It's just a well done movie. The dialogue feels realistic and you get to like the characters, who really just act like regular people you'd see at your job or at a local band's show or whatever else. That takes some talent to do.


The scares come slow and creepy. You really get a sense for the atmosphere at these haunted houses, which I understand were all real places the cast members went and filmed interviews at. It's playful ambiance, and transitions almost seamlessly into the scary bits through little, eerie moments here and there. The pacing is very good in this. When the scary shit does start happening like a landslide, it feels natural and you do actually feel as claustrophobic as these characters, trapped in horrible places.

Since the topic of this article is the found footage, well, the handheld camera perspective actually works for the movie. You get a sense of being right there with these people. The interviews with haunted house cast members are also cool and add a spice to it that a lot of these movies miss – very individual.


I guess some of the scenes on their RV feel a bit silly when they constantly have the camera on, like even at breakfast. Maybe a better idea would be having those parts as a normal movie without the camera, but I guess for that 'realistic' effect, it's not too bad - still better than the ways some movies do it, mostly due to the realism of the dialogue and how much you end up liking these people.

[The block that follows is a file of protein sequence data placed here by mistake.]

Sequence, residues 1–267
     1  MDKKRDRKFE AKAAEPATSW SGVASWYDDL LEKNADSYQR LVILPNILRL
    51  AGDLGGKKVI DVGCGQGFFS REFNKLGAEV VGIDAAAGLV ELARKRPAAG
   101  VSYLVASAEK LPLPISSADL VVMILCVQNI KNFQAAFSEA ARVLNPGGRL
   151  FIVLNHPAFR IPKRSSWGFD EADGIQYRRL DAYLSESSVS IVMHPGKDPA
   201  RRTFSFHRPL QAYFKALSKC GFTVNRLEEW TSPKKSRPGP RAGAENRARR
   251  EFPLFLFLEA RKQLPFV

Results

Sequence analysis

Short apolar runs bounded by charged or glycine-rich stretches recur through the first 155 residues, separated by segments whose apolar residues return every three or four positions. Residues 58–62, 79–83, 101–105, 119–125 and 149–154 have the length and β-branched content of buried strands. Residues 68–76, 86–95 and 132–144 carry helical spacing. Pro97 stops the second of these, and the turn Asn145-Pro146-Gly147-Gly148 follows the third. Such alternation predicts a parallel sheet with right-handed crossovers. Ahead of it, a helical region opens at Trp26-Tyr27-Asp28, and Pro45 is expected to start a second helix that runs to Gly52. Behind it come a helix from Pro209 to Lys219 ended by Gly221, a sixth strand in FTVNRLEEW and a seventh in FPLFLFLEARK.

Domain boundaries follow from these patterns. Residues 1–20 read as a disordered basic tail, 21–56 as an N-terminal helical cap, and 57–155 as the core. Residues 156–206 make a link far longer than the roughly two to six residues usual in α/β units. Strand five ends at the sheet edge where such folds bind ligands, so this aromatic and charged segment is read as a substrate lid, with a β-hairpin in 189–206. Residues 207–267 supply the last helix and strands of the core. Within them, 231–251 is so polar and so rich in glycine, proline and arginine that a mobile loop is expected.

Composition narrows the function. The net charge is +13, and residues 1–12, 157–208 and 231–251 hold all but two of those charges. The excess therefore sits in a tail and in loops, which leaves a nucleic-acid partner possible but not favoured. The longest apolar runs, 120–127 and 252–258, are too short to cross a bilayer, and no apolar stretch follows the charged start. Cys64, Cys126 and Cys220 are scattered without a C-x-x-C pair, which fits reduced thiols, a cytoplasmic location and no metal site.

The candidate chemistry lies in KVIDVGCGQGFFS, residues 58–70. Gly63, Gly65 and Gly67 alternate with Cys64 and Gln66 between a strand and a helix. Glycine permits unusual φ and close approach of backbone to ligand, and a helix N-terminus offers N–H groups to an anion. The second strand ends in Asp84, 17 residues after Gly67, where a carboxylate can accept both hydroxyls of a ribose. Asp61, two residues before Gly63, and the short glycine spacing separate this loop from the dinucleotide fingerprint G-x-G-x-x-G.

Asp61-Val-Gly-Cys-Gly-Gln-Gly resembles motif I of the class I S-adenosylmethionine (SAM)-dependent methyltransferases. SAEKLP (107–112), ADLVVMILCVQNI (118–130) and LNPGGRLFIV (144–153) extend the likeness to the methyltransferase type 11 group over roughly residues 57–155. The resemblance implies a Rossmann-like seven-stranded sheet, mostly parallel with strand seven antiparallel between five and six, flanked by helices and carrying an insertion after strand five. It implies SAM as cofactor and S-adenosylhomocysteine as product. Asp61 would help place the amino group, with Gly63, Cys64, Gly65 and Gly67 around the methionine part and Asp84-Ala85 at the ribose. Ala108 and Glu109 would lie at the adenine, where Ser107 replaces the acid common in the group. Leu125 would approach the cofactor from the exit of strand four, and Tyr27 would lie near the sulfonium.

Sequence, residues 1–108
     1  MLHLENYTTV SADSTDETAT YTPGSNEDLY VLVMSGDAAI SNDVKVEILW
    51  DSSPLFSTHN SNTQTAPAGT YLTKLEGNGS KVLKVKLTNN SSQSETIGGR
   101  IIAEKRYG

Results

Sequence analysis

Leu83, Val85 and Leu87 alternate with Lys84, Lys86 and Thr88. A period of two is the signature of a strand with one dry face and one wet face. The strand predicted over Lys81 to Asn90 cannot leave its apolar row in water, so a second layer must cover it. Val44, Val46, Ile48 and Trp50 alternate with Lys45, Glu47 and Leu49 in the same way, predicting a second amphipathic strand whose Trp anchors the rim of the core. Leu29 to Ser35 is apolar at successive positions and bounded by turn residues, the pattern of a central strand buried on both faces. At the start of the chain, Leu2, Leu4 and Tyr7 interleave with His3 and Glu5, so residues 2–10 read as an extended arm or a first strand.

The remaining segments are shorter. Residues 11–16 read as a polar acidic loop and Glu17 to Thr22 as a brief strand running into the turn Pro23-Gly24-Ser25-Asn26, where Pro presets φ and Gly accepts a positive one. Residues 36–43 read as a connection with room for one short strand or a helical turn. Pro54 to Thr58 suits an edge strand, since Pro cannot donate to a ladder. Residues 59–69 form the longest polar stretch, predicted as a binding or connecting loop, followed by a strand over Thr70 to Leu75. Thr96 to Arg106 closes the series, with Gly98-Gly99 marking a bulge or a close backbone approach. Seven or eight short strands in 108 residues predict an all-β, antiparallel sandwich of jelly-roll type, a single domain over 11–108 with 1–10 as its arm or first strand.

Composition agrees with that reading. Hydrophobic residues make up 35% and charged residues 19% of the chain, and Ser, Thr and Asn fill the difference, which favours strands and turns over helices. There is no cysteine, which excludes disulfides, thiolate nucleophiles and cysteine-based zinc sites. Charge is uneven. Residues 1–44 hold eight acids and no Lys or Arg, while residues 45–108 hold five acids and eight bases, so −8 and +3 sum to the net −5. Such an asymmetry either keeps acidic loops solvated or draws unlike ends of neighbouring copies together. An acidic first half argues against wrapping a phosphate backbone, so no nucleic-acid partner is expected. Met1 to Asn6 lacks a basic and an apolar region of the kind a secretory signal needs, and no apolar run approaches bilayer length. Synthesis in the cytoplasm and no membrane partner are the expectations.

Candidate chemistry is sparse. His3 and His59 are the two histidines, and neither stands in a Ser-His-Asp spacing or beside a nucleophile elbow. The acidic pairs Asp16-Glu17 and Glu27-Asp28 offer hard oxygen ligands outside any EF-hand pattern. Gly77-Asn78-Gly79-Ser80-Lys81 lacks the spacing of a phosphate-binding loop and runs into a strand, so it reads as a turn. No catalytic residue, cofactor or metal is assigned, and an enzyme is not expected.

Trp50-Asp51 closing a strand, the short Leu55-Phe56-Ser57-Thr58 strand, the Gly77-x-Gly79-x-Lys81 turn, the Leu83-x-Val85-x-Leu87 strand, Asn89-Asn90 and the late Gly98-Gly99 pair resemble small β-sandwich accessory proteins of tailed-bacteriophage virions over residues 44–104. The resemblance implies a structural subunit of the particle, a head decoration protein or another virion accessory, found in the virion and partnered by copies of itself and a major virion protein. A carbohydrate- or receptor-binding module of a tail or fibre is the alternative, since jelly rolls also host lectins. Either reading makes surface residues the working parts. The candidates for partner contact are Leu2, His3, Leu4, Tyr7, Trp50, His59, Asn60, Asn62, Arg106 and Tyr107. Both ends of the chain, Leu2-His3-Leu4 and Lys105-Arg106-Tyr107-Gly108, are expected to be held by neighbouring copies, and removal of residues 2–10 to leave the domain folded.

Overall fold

That's really a minor thing though, and overall there are comparatively few moments that feel really forced or silly with the camera – certainly no Paranormal Activity moments where they grab the fucking camera before going to see if someone needs help. And there are actually a few times later on when they do turn the camera off when they're asked to for secret haunted house business. That's really something more of these movies should try – it leaves the imagination wanting more and it's actually realistic. Most of the time, people in real life aren't gonna want you filming everything.

The really scary moments at the end feel extra seedy, dank and creepy as fuck with the low-res camera lens and the realistic audio, so points for that.

People will have mixed reactions to this, and if you don't like American haunted houses and that kind of shit, you might not get it. But I think it's one of the better movies of its style out there. It's on Netflix, so you can go watch it right now. You know, unless you don't have Netflix or something like that. In that case, I guess you're fucked. Sorry.

Found footage horror isn't dying out yet, and I actually think they're getting better now than they were in the mid-to-late 2000s. This one is my favorite I've seen recently, but other ones like Grave Encounters and The Den, despite having problems, are certainly worth a cursory view if nothing else. So don't write off the style yet even if you hated all of these movies I've mentioned. It might come out with something that interests you eventually; you never know.

Images copyright of their original owners; I own none of them.